Synopses & Reviews
ISABEL DALHOUSIE - Book 9
Nothing captures the charm of Edinburgh like the bestselling Isabel Dalhousie series of novels featuring the insatiably curious philosopher and woman detective. Whether investigating a case or a problem of philosophy, the indefatigable Isabel Dalhousie, one of fiction’s most richly developed amateur detectives, is always ready to pursue the answers to all of life’s questions, large and small.
In this latest installment of Alexander McCall Smith’s endearing Isabel Dalhousie series, the Edinburgh philosopher and amateur sleuth answers an unexpected appeal from a wealthy Scottish collector who has been robbed of a valuable painting.
One afternoon over coffee at Cat’s delicatessen, a friend of Isabel’s shares a call for help from Duncan Munrowe. Crafty thieves have stolen a prized painting from his collection, a work by the celebrated French artist Nicolas Poussin that was earmarked for donation to the Scottish National Gallery. Munrowe has been approached by the thieves and hopes that Isabel will assist him in recovering the painting. Never one to refuse an appeal, she agrees, and discovers that the thieves may be closer to the owner than he ever would have expected.
Against the backdrop of this intriguing case, Isabel copes with life’s issues, large and small. She and Jamie have begun to suspect that their three-year-old son, Charlie, might be a budding mathematical genius. What should be done about it? Then there is the question of whether Isabel should help a young couple who want to move in together—against the wishes of the girl’s parents. The boyfriend is hoping Isabel might intercede.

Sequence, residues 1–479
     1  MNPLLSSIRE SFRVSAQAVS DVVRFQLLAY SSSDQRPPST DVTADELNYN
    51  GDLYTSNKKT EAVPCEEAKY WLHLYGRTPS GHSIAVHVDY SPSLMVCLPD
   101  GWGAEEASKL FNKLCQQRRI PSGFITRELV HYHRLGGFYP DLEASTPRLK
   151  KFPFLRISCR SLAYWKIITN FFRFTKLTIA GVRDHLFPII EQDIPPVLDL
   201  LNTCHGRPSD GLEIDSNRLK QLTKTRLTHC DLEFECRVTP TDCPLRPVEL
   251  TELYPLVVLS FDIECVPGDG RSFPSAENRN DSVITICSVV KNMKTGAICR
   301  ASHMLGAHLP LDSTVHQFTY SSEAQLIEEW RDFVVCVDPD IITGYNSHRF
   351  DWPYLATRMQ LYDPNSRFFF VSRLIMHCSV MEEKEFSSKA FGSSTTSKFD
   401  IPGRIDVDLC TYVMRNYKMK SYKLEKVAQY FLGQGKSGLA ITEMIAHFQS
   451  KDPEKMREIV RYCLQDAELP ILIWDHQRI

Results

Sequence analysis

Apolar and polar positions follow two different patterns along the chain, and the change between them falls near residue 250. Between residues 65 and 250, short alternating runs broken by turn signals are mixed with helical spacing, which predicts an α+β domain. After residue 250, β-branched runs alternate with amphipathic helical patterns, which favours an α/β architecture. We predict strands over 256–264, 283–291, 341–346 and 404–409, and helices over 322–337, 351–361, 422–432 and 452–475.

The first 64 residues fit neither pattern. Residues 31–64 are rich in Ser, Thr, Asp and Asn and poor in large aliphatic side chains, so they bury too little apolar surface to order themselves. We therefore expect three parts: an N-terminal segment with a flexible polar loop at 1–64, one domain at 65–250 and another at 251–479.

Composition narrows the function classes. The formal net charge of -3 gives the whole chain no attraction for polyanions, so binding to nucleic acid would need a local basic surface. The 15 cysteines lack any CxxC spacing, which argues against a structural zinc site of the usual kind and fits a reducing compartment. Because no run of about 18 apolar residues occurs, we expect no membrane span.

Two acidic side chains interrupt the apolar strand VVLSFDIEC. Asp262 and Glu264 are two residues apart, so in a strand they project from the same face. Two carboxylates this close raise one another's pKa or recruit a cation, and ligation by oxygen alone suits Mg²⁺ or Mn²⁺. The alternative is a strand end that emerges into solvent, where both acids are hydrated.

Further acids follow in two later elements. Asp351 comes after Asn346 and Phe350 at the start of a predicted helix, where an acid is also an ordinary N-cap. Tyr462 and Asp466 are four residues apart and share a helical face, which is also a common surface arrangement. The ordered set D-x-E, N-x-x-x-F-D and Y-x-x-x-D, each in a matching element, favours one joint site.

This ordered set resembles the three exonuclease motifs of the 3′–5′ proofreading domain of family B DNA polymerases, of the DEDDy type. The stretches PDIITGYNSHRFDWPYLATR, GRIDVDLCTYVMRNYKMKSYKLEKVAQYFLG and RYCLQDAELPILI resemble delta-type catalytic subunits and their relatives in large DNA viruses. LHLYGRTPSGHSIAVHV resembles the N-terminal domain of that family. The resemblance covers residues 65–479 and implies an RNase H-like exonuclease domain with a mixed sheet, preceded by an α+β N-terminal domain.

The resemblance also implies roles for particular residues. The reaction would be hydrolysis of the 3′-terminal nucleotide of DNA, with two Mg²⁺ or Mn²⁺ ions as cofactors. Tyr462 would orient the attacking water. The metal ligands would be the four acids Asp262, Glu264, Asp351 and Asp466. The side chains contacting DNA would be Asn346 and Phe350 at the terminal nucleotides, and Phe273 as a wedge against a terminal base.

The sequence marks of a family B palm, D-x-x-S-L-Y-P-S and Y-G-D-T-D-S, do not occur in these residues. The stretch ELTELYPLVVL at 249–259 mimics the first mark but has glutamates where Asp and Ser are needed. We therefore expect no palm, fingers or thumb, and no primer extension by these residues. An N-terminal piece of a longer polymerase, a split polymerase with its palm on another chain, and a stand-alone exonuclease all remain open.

As she wrestles with these problems, Isabel finds herself tested as a parent, a philosopher and a friend. But, as always, she manages to use the right combination of good sense, quick wits and a kind heart to come to the right solution, proving once again why Isabel Dalhousie has become one of Alexander McCall Smith’s most beloved characters.
From the Hardcover edition.
The newest addition—the ninth!—to Alexander McCall Smith's ever-delightful Isabel Dalhousie series.
Isabel is asked to help a wealthy Scottish landowner who has been robbed of a valuable painting. This painting, by the celebrated French artist Nicolas Poussin, had been earmarked for ultimate donation to the Scottish National Gallery. The owner is uncomfortable about an approach he has received from the thieves and hopes that Isabel will assist him. She agrees—in spite of the misgivings of her husband, Jamie. There is also the question of the thieves' identities. Could they be people who are rather close to the owner? It begins to look as if this may be so . . . Against the backdrop of this intriguing case, Isabel leads her day-to-day life, coping with issues small and large. One small issue is whether her three-year-old son, Charlie, is a budding mathematical genius—and what should be done about it. And then there is the question of whether she should help a young man employed in her niece's delicatessen to live with his girlfriend against the wishes of the girlfriend's parents. The answers to both of these questions test Isabel's qualities as a parent, a philosopher, and a friend.
About the Author
Alexander McCall Smith is the author of the beloved bestselling No. 1 Ladies’ Detective Agency series, the Isabel Dalhousie series, the Portuguese Irregular Verbs series, the 44 Scotland Street series, and the Corduroy Mansions series. He is also the author of numerous children’s books. He is professor emeritus of medical law at the University of Edinburgh and has served with many national and international organizations concerned with bioethics. He was born in what is now known as Zimbabwe and taught law at the University of Botswana. He lives in Scotland. Visit his website at www.alexandermccallsmith.com.